Traverse City Record-Eagle

Archive: Wednesday

January 9, 2013

Legislature to begin new session today

It's expected to be much more tame than last year's

LANSING (AP) — Republicans in charge of the new Michigan Legislature are unlikely to match the extraordinary breadth of action taken in the last two years.

A last-minute drive in December to make Michigan the 24th right-to-work state could have stood alone as a monumental accomplishment for the GOP. But the majority also slashed business taxes and shifted more of the tax burden to individuals, overhauled public school teachers' pension and retiree health care system, lifted a requirement that motorcyclists wear helmets, created a long-sought regional transit authority in the Detroit area and gave the state more power over financially struggling cities and school districts.

The two-year session starting Wednesday is expected to be tamer.

"They set the standard so high that anything compared to it will look anemic," said Ken Sikkema, a former Republican Senate majority leader. "They should not have that expectation of themselves." Though the agenda could be lighter, some big, pressing items remain at the top.

Republican Gov. Rick Snyder last month vetoed his own plan to change the regulatory structure of health insurance giant Blue Cross Blue Shield of Michigan because he opposed including restrictions on insurance coverage of abortions. A law is needed so Blue Cross can participate on time in a new online marketplace required under the federal health care law.

Pressure also is mounting to boost spending to fix deteriorating roads and bridges.

"We need to answer the billion-dollar question: How do we dedicate more resources to roads in Michigan?" House Speaker Jase Bolger, R-Marshall, said Tuesday.

The need for additional funding has been established, he said. Now it's a matter of either cutting elsewhere in the budget to shift dollars to transportation or raising "user fees" — usually gasoline taxes or vehicle registration fees. The last time the 19-cent-per-gallon state gas tax was increased was 1997.

It's a politically unpopular vote to take, one likely to require backing from Democrats in the minority. They aren't exactly in a giving mood in the wake of the quick right-to-work defeat, which hit organized labor hard.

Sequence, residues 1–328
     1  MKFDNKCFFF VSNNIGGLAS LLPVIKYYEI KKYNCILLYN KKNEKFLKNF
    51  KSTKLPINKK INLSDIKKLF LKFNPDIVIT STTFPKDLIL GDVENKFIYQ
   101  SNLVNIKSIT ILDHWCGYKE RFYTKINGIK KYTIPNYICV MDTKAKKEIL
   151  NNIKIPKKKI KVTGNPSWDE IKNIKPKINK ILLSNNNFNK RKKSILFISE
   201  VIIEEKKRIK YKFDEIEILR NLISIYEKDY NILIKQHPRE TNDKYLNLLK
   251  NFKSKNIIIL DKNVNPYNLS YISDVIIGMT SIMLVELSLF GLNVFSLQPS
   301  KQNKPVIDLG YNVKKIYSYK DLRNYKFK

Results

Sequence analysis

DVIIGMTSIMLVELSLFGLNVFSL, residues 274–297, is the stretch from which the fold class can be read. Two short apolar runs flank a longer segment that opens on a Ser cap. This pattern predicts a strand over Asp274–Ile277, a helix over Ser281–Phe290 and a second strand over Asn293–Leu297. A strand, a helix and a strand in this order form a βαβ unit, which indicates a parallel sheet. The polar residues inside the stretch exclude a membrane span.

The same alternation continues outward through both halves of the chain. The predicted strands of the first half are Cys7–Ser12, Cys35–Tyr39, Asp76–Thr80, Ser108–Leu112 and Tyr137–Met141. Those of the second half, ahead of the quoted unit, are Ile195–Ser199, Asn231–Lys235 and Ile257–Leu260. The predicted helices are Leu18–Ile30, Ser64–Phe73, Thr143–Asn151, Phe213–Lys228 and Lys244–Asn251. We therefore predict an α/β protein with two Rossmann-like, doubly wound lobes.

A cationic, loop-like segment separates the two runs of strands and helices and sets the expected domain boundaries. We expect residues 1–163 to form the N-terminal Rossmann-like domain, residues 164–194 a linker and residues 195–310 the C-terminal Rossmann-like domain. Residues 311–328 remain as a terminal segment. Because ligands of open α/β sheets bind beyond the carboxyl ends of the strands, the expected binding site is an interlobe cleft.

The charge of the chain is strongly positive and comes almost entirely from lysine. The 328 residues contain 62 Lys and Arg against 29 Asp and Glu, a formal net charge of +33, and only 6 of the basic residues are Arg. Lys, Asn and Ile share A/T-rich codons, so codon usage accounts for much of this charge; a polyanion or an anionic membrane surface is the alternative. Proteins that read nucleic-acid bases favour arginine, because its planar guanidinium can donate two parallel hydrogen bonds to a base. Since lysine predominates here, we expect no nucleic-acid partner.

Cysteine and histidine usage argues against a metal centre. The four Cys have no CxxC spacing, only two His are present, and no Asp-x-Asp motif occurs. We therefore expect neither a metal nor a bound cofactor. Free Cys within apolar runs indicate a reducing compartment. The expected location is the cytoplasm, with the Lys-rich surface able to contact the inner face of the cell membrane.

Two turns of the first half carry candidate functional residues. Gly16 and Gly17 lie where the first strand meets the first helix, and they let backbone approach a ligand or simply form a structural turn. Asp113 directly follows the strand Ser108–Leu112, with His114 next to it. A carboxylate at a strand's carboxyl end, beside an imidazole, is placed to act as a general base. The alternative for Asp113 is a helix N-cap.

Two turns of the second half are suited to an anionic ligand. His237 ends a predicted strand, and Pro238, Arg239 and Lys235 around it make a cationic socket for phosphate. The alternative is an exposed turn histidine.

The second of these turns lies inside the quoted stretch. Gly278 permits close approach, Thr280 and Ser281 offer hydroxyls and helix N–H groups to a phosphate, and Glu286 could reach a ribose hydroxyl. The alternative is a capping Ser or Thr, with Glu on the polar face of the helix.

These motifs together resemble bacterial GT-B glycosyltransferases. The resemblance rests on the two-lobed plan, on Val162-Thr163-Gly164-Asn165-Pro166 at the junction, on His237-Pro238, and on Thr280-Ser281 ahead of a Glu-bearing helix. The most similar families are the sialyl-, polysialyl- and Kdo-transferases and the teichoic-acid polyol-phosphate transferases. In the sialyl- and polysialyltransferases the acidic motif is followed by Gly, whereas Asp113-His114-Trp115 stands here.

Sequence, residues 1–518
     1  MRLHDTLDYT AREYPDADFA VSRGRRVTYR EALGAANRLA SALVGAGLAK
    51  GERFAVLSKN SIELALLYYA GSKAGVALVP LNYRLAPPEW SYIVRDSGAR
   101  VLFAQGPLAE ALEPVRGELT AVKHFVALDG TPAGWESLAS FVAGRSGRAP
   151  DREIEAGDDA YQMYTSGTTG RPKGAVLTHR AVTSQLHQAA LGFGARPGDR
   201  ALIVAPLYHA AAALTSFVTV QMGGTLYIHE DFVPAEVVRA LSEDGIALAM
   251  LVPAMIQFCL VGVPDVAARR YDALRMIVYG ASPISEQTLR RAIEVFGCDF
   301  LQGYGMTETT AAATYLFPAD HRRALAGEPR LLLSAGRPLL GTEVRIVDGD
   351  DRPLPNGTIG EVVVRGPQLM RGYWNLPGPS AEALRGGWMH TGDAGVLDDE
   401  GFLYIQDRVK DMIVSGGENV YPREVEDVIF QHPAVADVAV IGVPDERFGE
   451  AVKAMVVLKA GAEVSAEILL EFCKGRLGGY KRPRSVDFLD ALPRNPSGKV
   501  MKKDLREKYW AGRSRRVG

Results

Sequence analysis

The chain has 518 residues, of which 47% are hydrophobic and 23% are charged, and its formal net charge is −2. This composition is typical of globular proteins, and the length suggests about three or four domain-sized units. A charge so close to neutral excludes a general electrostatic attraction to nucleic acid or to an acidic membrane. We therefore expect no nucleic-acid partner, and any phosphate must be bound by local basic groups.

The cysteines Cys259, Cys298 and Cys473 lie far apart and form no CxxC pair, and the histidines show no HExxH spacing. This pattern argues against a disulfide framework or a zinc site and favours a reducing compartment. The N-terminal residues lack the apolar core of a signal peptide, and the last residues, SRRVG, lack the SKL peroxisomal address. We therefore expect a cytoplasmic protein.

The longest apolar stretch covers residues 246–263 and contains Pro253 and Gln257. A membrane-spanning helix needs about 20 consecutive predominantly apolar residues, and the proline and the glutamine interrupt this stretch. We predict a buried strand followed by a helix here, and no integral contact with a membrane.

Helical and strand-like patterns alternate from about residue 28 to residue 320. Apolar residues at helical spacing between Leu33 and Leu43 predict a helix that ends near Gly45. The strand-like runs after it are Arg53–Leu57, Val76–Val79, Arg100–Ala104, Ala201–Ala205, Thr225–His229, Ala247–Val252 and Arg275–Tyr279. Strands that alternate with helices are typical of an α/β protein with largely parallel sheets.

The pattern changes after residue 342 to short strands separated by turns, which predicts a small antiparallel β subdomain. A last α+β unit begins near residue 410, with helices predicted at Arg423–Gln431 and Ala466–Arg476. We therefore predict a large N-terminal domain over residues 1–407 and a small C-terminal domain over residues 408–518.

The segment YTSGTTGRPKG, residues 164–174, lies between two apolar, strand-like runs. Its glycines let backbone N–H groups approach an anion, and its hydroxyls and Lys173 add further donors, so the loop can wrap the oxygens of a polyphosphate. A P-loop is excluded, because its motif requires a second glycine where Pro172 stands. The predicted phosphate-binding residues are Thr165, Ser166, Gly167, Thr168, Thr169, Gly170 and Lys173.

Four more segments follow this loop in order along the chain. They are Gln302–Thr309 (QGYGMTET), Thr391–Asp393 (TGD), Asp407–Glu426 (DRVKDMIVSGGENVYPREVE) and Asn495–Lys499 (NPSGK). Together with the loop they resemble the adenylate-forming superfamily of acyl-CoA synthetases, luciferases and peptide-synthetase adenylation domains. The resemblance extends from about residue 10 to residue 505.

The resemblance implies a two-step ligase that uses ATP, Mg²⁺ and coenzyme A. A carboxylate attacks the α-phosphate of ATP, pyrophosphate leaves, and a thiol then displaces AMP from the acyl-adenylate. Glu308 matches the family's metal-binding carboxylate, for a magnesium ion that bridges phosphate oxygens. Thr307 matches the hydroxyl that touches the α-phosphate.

Snyder, who for more than two years said the law wasn't on his agenda only to sign it, has called on lawmakers to raise $1.4 billion more for transportation needs, suggesting higher vehicle registration fees as one option. He plans to make a more specific proposal in his State of the State address next week.

"It's very hard to trust the Republicans and work in a bipartisan way with them," said new House Minority Leader Tim Greimel, D-Auburn Hills. "The governor has often paid lip service in his rhetoric on wanting to be bipartisan." Greimel said Democrats are committed to fixing roads but concerned about "yet again putting a financial burden on middle-class families." The 2014 election could also influence much of the initial strategy and decision-making in the Capitol.

An initial indicator of the potential for rancor could come Wednesday, when Republicans decide whether newly elected Detroit Democrat Brian Banks is seated. He was convicted of writing bad checks and credit card fraud between 1998 and 2004. Democrats will calculate if voting against Bolger's certain re-election as speaker is a proper message to send.

As for other legislative priorities, outnumbered Democrats want to spend more on education and reverse the state tax on pension income and halt changes to the homestead property tax. Bolger mentioned early childhood education and vocational and technical schooling along with passing a budget by June 1.

Craig Ruff, a senior policy fellow at Public Sector Consultants in Lansing, said he expects Republicans to consolidate their gains rather than undertake a major set of new policies — with a few exceptions.

Education changes — teacher accountability standards, a still developing proposal to change the school funding law, aid for universities, expansion of a statewide district for failing schools — are under a microscope, including some proposals that ran into resistance in late 2012.

"It's going to be learning and potholes in 2013," Ruff said.

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